Every midterm election is a referendum on the President, and especially the first one. This year there is no question Democratic enthusiasm is way up, and there is actual evidence of this given the defeat of Roy Moore in Alabama and the victory of Governor Ralph Northam in Virginia.
Potential trouble signs for President Trump's re-election campaign in 2020 are a low approval rating that may also have a low ceiling, and the fact that his campaign itself may be under investigation -- but right now, Tuesday will determine what the next few years look like. Right now, Tuesday scares me. This is the first nationwide test of who we are as a country since his election.
Regardless of the cowardice of many elected members of the President's own party, will the American people stand up and reject hate and sexism? What if there is a silent mass of people in suburbs and swing districts who are embarrassed to admit they are voting for Trumplite members of the House and Senate?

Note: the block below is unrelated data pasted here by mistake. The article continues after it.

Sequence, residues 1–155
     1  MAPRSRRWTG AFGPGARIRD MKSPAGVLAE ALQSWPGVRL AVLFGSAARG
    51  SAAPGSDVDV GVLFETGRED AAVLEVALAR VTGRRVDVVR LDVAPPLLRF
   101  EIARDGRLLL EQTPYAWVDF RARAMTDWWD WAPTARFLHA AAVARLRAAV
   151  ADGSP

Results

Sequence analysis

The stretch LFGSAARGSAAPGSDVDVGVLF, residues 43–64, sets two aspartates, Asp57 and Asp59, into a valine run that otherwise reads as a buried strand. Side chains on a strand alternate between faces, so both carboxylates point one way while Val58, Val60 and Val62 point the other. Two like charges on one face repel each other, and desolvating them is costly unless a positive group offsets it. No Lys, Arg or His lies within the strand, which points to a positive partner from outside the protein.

This is a test of many unknowns, including whether young people will turn out in droves for the first time in a midterm election, whether the #metoo movement will help turn the disgust about Donald Trump's decades-old depiction of women into action, whether the fundraising advantages will lead to advantages in tough-to-win districts.
From this midterm election standpoint, I would rather be a Democrat than a Republican in this environment, but I am far more nervous than I was on election eve in 2006. Because if Democrats, independents and some Republicans who want a check on the President don't turn out, the outcome will be far worse than 2016.
President Trump will be running for re-election with an empowered base and a new line of bragging to take out to the campaign trail. The lesson will be that cracking down on immigration, fanning violence against the media and your opponents, and overtly racist campaign attacks and ads are not just fair game, but effective. That's not who America has ever been, but we shouldn't underestimate the potential for the President to do anything possible to gain re-election.